2020 National Health Center Week

This week communities across the nation celebrate National Health Center Week (Aug. 9-15) to raise awareness about our contribution to the health of our most vulnerable communities. For over 50 years Community Health Centers have been the backbone of healthcare for people who are low-income, uninsured, and underserved in the United States. We are dedicated to providing high-quality comprehensive care to those who have been forgotten or ignored.

At WellSpace Health we serve more than 100,000 people each year at 31 centers, providing them with integrated medical, dental, behavioral health, and supportive services uniquely tailored to their situations. Of those we serve, 92 percent live in or on the edge of poverty.  In 2019 11,114 of our patients were uninsured, 4,036 were experiencing homelessness, and 37,174 were children. In fact, one in ten babies born in Sacramento County are our patients too.

Prior to COVID-19, almost 20% of all Californians were served in Community Health Centers and that number is only increasing.  Community Health Centers in California employ 85,195 people and have a $12.1 billion economic impact.

Community Health Centers are not just leaders in healthcare. We are economic drivers in communities, many of which, like the people we serve, have been forgotten or ignored. Go anywhere in the state and visit neighborhoods struggling the most, you will find a Community Health Center. Walk inside and you will find many employees from the neighborhood. They speak the language and understand the culture. They are giving back to a Health Center that played a role in their life.

When COVID-19 struck, we took on a new role – pandemic response. We are not first responders like hospitals but we realized early on that the people we serve would be the hardest hit. Our concerns are now confirmed – communities of colour have disproportionate infection rates and worse health outcomes and the communities we serve are being decimated by chronic healthcare conditions that are quite manageable. People are afraid to get their children vaccinated. They are afraid to check-in on their diabetes and heart disease. They are afraid to visit the Emergency Department for serious health complications like heart attacks and strokes.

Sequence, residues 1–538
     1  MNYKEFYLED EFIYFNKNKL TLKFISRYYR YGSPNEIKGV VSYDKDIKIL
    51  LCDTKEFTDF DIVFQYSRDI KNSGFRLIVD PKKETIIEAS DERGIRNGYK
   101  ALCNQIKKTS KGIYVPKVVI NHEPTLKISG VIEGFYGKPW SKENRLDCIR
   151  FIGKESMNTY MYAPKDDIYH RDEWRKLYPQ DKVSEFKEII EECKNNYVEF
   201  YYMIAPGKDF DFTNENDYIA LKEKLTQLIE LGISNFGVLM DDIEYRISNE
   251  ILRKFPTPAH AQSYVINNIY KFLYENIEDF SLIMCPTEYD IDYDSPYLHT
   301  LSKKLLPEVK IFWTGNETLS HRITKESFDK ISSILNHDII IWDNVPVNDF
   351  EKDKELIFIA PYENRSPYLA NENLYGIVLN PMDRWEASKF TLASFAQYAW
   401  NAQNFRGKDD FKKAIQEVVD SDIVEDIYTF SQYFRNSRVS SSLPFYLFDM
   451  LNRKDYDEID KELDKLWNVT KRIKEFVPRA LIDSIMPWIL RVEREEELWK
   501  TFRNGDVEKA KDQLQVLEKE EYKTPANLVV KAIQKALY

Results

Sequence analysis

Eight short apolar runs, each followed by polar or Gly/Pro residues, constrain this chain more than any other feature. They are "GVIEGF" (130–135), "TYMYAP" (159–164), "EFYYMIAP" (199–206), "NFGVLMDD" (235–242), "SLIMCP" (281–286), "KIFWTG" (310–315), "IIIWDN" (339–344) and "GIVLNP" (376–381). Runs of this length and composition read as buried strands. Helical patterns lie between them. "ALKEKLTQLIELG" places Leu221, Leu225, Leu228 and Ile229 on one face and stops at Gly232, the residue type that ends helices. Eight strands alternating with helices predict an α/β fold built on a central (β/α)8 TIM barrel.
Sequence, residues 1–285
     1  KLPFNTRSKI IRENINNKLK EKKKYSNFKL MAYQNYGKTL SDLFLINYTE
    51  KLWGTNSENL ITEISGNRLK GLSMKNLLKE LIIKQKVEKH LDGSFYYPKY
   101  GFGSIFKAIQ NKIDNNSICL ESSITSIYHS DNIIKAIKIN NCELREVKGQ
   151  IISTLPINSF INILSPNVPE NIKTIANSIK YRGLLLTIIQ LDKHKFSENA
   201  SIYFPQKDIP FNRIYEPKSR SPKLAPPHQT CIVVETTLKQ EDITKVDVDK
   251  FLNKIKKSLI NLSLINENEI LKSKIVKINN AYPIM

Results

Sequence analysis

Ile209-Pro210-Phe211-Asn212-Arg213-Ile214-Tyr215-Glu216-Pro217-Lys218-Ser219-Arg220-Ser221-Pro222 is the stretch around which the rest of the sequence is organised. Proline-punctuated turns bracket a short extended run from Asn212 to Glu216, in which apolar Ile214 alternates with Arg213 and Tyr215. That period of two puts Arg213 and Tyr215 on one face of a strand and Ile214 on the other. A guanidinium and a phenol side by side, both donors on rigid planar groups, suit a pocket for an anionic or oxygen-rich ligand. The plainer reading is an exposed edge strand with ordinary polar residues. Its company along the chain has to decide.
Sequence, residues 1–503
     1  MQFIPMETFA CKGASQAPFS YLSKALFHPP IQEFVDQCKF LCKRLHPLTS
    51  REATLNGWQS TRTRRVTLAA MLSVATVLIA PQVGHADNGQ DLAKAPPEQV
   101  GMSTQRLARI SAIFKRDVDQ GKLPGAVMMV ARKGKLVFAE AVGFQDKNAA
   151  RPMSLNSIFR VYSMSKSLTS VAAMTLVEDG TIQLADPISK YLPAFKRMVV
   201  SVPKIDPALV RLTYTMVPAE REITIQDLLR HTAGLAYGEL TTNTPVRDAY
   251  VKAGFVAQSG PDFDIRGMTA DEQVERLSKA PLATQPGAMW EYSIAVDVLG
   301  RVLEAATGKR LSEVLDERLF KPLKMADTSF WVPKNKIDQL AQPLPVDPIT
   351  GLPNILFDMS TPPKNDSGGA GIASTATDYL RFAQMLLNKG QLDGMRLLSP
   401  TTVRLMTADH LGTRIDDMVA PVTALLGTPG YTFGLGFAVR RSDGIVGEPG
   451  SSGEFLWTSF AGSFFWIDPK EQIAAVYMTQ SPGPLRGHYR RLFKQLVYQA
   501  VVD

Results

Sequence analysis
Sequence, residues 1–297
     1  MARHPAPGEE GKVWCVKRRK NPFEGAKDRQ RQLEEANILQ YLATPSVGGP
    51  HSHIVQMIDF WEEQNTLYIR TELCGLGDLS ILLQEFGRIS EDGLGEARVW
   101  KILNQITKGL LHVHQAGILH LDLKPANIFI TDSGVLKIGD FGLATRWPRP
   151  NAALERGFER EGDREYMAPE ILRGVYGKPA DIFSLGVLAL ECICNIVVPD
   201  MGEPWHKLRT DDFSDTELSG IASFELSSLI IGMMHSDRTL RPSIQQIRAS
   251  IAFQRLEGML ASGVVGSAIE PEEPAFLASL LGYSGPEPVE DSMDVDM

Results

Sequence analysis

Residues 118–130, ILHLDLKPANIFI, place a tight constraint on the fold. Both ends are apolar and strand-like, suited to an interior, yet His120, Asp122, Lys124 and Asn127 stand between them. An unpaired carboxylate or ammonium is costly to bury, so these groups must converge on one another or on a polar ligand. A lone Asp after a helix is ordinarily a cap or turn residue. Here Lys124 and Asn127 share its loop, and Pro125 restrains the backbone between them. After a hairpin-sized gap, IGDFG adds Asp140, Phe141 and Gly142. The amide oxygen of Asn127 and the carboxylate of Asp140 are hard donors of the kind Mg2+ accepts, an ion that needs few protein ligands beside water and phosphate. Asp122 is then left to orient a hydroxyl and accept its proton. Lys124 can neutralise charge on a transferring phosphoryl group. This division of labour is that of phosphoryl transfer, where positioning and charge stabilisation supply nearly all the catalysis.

Our COVID response has been simple; we stepped into the breach. We modified our entire care delivery system to meet people where they are with telehealth and street care. We reached out to people who we knew were vulnerable but may not ask us for help. We made our Health Centers safer through well-designed protocols. Our staff remained in hospitals to make sure patients had the help they needed to transition back into the community. Medical respite stayed open. Alcohol and drug treatment stayed open. Pediatric dental care stayed open.  COVID-19 testing and care – open seven days a week.

It wasn’t easy. I am humbled to have remarkable colleagues who rose to the occasion in one of our nation’s darkest hours. You didn’t give up on the people we serve or one another. You lived our mission with dedication and perseverance. You met our patients and clients with compassion and care.

We don’t have “clinics,” we have Health Centers.  We are community health. We are at the center of health delivery. We are a Community Health Center. This week we celebrate this.

Be Well,